A Colorado Springs company is in search of the “holy grail” of treatment for blocked peripheral arteries, but some medical experts question whether its clinical trials are long enough to prove the efficacy of the new device.
Spectranetics launched the trial of its turbo booster laser catheter — designed to vaporize tissue build-up around stents — in Germany this week. The 100-patient study will last a year, said CEO John Schulte.
Many products have tried to reduce the number of repeat surgeries needed to treat blocked arteries in the legs — and just as many have failed, said Paul Connaughton, interventional radiologist at Memorial Health System.
“It’s the holy grail of the field,” he said. “There are so many products that try to stop repeated treatment at the outset, but none of them have been very good.”
The standard treatment for peripheral pain caused by blockages that restrict blood flow in the legs is to insert a stent — a procedure that works very well for restrictions of blood flow in heart vessels.
But in the legs, the blockages are more severe and longer, sometimes as much as 100 times longer. And in the legs, the stent can fracture, or the body can respond negatively, creating tissue build-up in the area of the stent — necessitating repeat surgeries to deal with the build-up.
“It happens quite a lot,” Connaughton said. “Probably up to 40 to 50 percent have to have repeat treatments within three years. You have to go back and use the balloon again, or put a stent inside the stent. If it’s severe enough, we have to do a bypass.”
The turbo booster is intended to reduce the need for repeated treatments by “vaporizing” the tissue, Schulte said. And, he said he believes a single year of trials will be enough because most patients have to have a follow-up procedure performed within 10 months.
But Connaughton said doctors need much longer studies — at least three to five years.
“So may things have been tried, that we need a good, long time to see if the effects are better than anything else out there,” he said. “If we can prevent re-treatments in the first place, that’ll be great. But we need long-term studies, not just a single year.”
Data from the trial also should be compared with traditional surgical methods, Connaughton said. Memorial treats about 200 patients a year with either vascular or radiological intervention. Many more patients are prescribed medicine or exercise to treat the problem.
“The idea now is not to do big surgical procedures,” he said. “We want to use the minimally invasive techniques, so finding something that works — like this laser treatment — would be great, better than the traditional methods.”
Schulte said he believes the turbo booster will be better than traditional — or even some of the newer — procedures.
“Our hope is that we’ll be so successful that the turbo booster will have a 60 or 70 percent efficiency rate — patients that don’t need a second procedure,” he said.
More than 100,000 patients receive treatment for instent restenosis each year, so if the laser is proven to be effective it also could be very profitable. Schulte said that approval by the Food and Drug Administration could mean up to $200 million for the company’s bottom line.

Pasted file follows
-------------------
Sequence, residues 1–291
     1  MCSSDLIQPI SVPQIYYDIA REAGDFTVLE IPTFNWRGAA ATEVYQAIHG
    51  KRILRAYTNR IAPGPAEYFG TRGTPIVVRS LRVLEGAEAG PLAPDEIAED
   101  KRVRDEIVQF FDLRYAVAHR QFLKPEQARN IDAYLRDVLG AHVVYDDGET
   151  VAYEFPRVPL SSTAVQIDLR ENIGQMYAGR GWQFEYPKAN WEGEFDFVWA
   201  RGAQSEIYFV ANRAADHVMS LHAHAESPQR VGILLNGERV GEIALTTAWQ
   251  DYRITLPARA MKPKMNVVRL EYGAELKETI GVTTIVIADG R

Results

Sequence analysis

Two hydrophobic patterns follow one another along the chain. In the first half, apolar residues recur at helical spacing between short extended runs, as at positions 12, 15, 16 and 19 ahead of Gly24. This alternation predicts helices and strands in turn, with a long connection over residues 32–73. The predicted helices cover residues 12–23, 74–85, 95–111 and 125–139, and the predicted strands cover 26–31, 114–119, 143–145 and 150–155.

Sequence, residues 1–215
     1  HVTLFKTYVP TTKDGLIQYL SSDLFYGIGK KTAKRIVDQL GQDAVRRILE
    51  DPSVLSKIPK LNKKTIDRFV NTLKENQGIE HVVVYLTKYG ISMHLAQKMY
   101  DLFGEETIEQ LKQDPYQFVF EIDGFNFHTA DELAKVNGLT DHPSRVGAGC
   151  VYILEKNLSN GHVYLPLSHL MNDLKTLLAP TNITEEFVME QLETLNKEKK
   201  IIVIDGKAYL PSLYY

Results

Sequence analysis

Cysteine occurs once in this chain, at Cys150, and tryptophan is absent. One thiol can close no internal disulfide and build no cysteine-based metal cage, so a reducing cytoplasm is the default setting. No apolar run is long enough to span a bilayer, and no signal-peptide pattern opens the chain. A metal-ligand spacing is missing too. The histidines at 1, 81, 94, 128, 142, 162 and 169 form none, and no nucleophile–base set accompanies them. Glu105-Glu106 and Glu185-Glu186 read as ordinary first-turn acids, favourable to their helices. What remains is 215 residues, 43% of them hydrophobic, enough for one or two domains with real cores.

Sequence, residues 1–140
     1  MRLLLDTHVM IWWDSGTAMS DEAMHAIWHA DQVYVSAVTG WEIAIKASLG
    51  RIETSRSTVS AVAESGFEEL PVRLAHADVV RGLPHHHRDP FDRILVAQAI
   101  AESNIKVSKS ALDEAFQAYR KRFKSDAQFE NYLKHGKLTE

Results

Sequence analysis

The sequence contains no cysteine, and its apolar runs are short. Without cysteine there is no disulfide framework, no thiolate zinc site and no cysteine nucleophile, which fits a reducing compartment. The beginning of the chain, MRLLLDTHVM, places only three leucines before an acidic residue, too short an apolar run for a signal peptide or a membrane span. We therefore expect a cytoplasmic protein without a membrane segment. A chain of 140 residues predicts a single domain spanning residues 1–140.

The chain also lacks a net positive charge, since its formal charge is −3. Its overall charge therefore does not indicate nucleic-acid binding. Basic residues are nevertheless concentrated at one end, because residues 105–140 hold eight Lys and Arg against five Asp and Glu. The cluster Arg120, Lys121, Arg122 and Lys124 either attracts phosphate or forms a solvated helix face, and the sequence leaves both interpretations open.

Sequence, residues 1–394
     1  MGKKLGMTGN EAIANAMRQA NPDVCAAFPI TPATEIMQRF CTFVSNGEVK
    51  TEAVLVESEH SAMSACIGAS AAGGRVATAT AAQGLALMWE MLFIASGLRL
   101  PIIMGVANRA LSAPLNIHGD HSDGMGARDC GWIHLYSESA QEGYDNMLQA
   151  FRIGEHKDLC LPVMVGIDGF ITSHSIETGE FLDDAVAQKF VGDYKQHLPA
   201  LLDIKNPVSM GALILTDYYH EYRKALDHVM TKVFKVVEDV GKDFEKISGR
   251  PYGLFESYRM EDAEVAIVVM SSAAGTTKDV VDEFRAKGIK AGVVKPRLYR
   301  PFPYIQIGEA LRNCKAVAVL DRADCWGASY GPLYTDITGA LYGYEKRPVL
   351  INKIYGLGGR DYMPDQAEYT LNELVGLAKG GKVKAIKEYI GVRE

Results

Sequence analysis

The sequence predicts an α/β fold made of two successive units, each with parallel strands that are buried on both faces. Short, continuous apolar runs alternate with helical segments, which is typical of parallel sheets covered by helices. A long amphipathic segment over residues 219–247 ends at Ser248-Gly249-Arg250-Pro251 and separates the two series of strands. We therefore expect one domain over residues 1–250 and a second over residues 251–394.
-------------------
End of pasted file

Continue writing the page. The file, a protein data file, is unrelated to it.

But there are competing technologies, created by pharmaceutical giants.
Boston Scientific Corp. has a “cutting balloon” that performs an angioplasty in the vein and cuts out built-up tissue. Other competition includes the sculpting balloon and the cryoplasty balloon, which freezes tissue in order to keep it from building up around the stent.
“But none of the treatments now are effective all the time,” Connaughton said. “The devices just don’t work. The body is responding to the stent by building tissue around it, so the problem is halting that build-up.”
The Spectranetics trial is based in Germany because the company’s technology doesn’t have an indication from the FDA for treatment of instent restenosis.
“This lets us have the freedom without the FDA’s involvement at this point,” Schulte said. “We can get the data early; get it more quickly before we go to the FDA.”
But there’s no escaping the FDA, said Regis University professor Mike Fisher, who owned a medical device company for 20 years.
“You can’t escape the tentacles of the FDA,” he said. “There’s the same level of rigor and paperwork no matter where the trials take place. It might be less expensive to do it in Germany, but having the trials there won’t allow them to escape the FDA. And the process is much more imposing that it used to be. The silicon breast implants debacle and some other things really tightened up the procedure.”
With a Class III device like the laser — the most invasive kind — the process can take years and cost hundreds of thousands of dollars, he said.
Spectranetics is conducting a similar study in the United States using the turbo booster without the additional angioplasty treatment — replacing the stent with a Gore-Tex covering.
But the Gore-Tex covering will add another layer of scrutiny from the FDA, Fisher said, because the company will be required to test the bio-compatibility of the coating.
Spectranetics also is conducting studies to show the ultraviolet light from the laser doesn’t harm the artery itself, a safety test required by the FDA.
While initial approval from the FDA could take years, Spectranetics isn’t waiting to get the word to doctors. The company plans to update cardiologists and radiologists within 30 days from the start of the trial.